Presented at American Anthropological Association meeting, Denver, CO, November 2015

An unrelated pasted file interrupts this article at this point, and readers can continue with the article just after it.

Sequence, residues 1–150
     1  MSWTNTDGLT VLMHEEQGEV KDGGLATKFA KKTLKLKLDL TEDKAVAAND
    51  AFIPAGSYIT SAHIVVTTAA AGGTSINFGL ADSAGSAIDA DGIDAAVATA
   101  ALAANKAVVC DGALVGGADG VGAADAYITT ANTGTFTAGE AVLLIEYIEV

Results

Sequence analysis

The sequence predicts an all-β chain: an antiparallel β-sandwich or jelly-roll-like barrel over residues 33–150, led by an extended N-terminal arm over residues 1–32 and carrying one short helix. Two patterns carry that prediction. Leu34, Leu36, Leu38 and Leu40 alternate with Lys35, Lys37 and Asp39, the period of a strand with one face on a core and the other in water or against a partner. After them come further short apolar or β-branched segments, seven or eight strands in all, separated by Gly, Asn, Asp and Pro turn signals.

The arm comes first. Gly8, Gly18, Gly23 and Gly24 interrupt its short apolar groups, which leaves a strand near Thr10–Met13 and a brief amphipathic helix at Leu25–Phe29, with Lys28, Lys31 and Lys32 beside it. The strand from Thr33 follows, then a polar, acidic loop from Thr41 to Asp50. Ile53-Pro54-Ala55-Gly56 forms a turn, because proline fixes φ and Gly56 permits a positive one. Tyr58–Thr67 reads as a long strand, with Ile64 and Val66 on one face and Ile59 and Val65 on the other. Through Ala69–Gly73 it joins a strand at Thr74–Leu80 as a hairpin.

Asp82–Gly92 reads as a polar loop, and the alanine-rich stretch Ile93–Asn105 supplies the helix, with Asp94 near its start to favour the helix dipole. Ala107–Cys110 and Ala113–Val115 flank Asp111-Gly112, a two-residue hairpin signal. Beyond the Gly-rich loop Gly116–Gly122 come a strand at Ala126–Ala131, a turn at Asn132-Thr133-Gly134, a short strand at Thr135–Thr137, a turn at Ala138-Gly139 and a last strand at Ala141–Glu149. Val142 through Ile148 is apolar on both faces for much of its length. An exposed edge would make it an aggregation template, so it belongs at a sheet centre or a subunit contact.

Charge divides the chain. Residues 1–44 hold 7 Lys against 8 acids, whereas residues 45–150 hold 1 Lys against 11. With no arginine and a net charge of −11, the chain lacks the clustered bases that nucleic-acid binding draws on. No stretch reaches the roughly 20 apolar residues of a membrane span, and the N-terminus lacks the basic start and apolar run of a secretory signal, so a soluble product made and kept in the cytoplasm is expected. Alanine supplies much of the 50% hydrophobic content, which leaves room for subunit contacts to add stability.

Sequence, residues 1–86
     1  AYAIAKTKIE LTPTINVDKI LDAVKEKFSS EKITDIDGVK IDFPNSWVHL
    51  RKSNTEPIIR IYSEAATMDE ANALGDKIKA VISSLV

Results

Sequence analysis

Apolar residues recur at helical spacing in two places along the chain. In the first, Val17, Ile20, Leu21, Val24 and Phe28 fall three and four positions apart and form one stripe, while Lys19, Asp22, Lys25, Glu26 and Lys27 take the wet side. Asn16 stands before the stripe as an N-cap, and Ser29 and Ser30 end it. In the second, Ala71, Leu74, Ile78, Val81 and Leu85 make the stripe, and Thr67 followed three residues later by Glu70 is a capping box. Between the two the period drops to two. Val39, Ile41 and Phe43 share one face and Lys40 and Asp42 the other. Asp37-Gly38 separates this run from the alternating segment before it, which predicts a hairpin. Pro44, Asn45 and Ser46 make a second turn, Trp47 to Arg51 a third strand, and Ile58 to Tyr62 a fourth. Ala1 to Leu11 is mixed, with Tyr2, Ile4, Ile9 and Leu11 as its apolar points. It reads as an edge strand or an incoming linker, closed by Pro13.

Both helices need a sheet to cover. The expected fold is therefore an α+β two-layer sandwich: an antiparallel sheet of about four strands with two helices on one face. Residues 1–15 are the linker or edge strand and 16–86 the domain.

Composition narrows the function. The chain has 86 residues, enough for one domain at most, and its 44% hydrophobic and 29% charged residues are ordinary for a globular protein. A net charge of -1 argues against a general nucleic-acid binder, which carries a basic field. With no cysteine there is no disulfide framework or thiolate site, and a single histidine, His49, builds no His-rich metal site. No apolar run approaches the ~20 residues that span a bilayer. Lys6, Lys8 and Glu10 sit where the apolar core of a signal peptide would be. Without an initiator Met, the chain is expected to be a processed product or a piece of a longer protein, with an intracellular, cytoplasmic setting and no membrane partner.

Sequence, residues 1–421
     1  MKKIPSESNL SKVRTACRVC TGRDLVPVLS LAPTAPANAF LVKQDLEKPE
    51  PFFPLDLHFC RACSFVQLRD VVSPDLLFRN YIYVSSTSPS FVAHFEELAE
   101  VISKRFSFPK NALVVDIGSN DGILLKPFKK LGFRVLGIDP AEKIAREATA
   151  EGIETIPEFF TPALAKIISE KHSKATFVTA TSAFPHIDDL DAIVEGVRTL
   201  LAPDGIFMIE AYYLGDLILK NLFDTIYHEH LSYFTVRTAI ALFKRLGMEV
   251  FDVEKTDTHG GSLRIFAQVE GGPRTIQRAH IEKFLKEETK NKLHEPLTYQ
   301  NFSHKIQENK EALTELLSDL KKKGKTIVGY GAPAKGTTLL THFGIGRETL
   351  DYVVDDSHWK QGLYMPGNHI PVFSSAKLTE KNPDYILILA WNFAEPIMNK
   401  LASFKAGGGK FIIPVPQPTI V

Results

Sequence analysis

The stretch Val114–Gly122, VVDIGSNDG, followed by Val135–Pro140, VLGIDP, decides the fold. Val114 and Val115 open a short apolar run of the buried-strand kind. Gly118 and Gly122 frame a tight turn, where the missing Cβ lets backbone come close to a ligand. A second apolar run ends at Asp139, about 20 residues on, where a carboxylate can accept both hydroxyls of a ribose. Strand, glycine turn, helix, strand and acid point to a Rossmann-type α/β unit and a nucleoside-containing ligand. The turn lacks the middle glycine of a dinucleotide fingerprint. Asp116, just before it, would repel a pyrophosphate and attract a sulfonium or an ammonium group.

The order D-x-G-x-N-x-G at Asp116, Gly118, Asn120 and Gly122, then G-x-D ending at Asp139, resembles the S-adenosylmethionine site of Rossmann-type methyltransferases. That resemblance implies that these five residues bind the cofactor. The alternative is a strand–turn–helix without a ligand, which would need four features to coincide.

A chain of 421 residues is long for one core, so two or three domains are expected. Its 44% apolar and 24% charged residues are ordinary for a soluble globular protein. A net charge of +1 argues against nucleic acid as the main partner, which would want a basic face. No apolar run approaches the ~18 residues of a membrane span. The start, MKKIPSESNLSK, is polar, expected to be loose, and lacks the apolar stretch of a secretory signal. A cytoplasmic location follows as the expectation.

Abstract: With food allergies on the rise among children in the United States, peanut bans in the classroom and epinephrine auto-injector cabinets in the nurse’s office are becoming commonplace features of the public school environment. Self-described “allergy moms” are driving these changes, by turns learning and teaching each other how to leverage disability law and networks of scientific experts to push other adults to contribute to the project of caring for their children through instigating changes in school policies. Their work turns on an ontological shift in the meaning of “food allergy”: from a somatic disease situated in individual patients to a disability conception of the condition as disabling only in the context of dysfunction, discriminatory social worlds. This talk will examine the strategies allergy moms use to enlist other adults as competent caretakers for food allergic kids while maintaining that there is nothing “wrong” with children with food allergies. In doing so, it will draw on Cheryl Mattingly’s recent work on parental “ground projects” to argue that these political and ontological maneuvers are, at their core, deeply moral.